- There's an in-universe joke in the Black Crusade rulebook that if peace ever broke out the Imperium would instantly collapse, being built entirely on fighting the Forever War.
- Apparently, this is Tzeentch's true goal. He is the Lord of Change. If a God of Chaos wins, it rules forever, so there won't be change anymore. So his solution is to make sure that nobody wins, including himself.
- The Holy Grail for Orks (aside from More Dakka) is something along these lines. Orks were made to wage war, and they gleefully do so on anyone who happens to get in their way, other Orks included. Why? Because it's fun.
- Paranoia, where The Computer is at war with Commie mutant traitor spies, despite a lack of evidence for them. It's what it was programmed to do.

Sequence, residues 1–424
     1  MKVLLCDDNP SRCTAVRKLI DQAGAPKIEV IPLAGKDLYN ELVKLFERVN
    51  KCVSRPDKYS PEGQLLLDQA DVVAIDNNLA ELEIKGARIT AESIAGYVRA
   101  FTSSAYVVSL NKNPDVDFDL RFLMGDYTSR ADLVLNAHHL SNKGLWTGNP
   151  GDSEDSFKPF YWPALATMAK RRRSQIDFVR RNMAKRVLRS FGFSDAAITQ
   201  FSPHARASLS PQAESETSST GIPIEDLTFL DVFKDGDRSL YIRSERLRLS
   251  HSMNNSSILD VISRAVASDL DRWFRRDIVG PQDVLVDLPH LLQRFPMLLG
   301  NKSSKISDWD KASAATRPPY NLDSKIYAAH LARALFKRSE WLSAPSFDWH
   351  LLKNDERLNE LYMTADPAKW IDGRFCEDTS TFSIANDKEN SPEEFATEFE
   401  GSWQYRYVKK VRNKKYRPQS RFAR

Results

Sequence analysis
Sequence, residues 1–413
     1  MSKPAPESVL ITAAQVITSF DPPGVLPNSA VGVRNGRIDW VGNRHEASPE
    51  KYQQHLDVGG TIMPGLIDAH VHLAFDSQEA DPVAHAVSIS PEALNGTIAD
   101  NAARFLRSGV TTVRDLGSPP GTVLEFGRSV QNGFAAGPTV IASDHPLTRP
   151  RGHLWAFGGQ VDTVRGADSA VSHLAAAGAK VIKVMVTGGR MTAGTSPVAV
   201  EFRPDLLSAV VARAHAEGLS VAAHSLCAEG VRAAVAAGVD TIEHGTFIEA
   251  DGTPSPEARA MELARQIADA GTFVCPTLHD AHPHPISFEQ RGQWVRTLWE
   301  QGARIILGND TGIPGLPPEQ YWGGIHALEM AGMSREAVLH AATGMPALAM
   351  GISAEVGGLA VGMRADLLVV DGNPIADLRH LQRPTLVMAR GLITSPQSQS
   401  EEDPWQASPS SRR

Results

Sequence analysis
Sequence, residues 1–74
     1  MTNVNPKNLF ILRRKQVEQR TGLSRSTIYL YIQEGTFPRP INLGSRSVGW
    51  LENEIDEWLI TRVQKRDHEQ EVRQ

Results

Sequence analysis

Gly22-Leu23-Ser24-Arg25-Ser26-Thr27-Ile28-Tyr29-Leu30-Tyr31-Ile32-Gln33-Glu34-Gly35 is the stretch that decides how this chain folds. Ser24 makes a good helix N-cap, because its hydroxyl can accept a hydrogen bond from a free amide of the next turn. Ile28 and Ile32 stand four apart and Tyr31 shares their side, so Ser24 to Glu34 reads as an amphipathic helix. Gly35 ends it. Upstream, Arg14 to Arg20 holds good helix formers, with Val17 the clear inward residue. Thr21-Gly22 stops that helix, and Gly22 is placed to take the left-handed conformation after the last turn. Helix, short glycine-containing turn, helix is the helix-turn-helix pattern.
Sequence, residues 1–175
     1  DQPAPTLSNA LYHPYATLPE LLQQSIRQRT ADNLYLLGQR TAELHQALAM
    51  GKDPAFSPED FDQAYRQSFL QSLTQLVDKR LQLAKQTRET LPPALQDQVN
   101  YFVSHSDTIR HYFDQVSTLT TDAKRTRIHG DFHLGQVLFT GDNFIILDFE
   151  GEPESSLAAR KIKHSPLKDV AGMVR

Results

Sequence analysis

- Dungeons & Dragons features the Blood War, a battle between the Chaos-aligned Demons and Law-aligned Devils which had been raging pretty much since the beginning of existence and was expected to keep raging until the end... or so everyone else hoped, since it's generally accepted that if the two sides were to ever put aside their differences, everyone else would be royally screwed.
- Shockingly enough, it actually did end, at least in the Forgotten Realms setting. There, Asmodeus managed to kill, and absorb the divine power of, a lesser god that literally fell right into his lap during the Spellplague. Using his new power, Asmodeus took advantage of the shifting planar cosmology caused by the Spellplague to forcibly "shove" the Abyss from its previous location to the bottom of the Elemental Chaos. While the Abyss and its inhabitants remain intact, there is no longer any easy way for demons to assault the Nine Hells in force from their new location.
- For a period of time, both Kas the Destroyer and Vecna were imprisoned in Ravenloft with their domains right next to each other, allowing them to wage an endless war. This lasted until Vecna managed to break out of the Demiplane of Dread and into Sigil during the transition from second to third edition.